Innovations in print, advertising, events and more: How COVID-19 is generating new opportunities for media
With every crisis comes opportunity, and that has certainly been the case for many publishers in 2020. We’ve heard from dozens of media companies, large and small, about how the pandemic has impacted them – for the worse, but also for the better.
Back in August, we spoke to James Hewes, FIPP CEO and President, to hear his insights on the situation during this unprecedented time. From capitalising on increased public trust and appetite for subscriptions to fast-tracking sustainability agendas and adapting to office-free life, COVID-19 is leading many companies to rethink their priorities – and make changes to their business models for the long-term.
COVID-19: direct impact on three crucial areas
In a pre-coronavirus landscape, much of the magazine media world was focused on deploying one major strategy: diversifying revenue streams. “Typically, the main ones would be selling copies, subscriptions, and/or advertising,” explains Hewes. “New areas of business might include ecommerce, live events, and digital media.”
Crucially, Hewes says, the pandemic has shown that they were right to do that. Two or three important revenue streams have been severely affected by the virus, so alternatives are vital. “The first of course is live events, which simply became impossible overnight in many places,” says Hewes.
The second is advertising: “During the height of the crisis in March, April, and May advertising virtually disappeared. If you think about something like travel, advertising for summer holidays which would usually take place, all that vanished.”
“Subscription sales have been up in print and digital for most of our members.”
Thirdly, retail sales of magazines were affected. But it isn’t all doom and gloom: “It hasn’t been as bad as first thought, since it turns out that people were still buying magazines from the retailers that remained open,” says Hewes. “Plus, subscription sales have been up in print and digital for most of our members.”
Industry trends overall: things were changing anyway
Perhaps most noteworthy is that a lot of these changes were coming down the track anyway. “The key word is really acceleration,” Hewes pointed out. “Essentially, the pandemic has forced a lot of FIPP members to take decisions that they were going to take regardless. Some smaller or weaker brands have closed, yes, but many were going in that direction already. This has just brought the changes on faster.”
Hewes noted that COVID-19 has given many magazine brands an immediate reason to focus on the future of their print businesses. “It’s pushed them more towards the trend of investing in production quality,” he says. “This enables you to increase the price but reduce the frequency. In other words, to reposition print as a luxury product.” (More on that below.)
Perhaps the best success story is in digital subscriptions. “We’ve noticed a huge boom in most members’ digital businesses. Those with paywalls have noticed 10, 20 or even 50 percent increases in digital subscriptions for news brands,” added Hewes.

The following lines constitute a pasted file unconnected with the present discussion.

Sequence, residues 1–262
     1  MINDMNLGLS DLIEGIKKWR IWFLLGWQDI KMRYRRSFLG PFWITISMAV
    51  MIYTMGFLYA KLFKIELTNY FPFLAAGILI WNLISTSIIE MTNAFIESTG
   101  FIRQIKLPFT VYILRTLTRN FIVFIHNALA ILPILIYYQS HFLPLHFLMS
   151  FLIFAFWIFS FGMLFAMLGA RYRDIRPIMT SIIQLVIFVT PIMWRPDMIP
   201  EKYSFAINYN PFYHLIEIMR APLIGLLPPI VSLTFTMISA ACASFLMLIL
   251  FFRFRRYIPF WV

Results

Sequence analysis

Hewes predicts that most brands will come out stronger and healthier. “But we mustn’t take it lightly either,” he says. “People may have lost their jobs, lost their businesses, and we have a huge amount of sympathy for them.”
“Print is finding its place in the long-term media mix”
Hewes also spoke about print which, pre-crisis, was beginning to feel like it was finding its place in a predominantly digital ecosystem. COVID-19 has shaken up that trajectory – but not necessarily in a bad way.
“What we see is that print is a very important medium still,” Hewes explained. “But at least in magazine media (leaving aside newspapers), it is undergoing a big repositioning based on two things: one is print becoming a ‘luxury’ product, and the other is increased public trust.”
The first trend is being driven by consumers’ growing willingness to pay for better quality publications which are published less frequently, but with increased pagination, higher quality paper – and a higher price tag. “Rolling Stone Magazine in the US is a great example of this,” says Hewes.
On the second point, studies are showing time and again that in an era of fake news and unregulated social media, print is one of the most trusted – if not the most trusted – medium in the market. “I really think we haven’t made the most of this as an industry; we could do more to enhance our credentials,” says Hewes.
He cited a recent Edelman Trust Barometer report, which found that more than 60 percent of people trust traditional magazines and newspapers, versus between 30-40 percent for digital media – and particularly social media networks. High quality, trustworthy content has never been more in demand.
“If print publishers can focus on these two things, we’ll be in a good place as an industry,” Hewes says.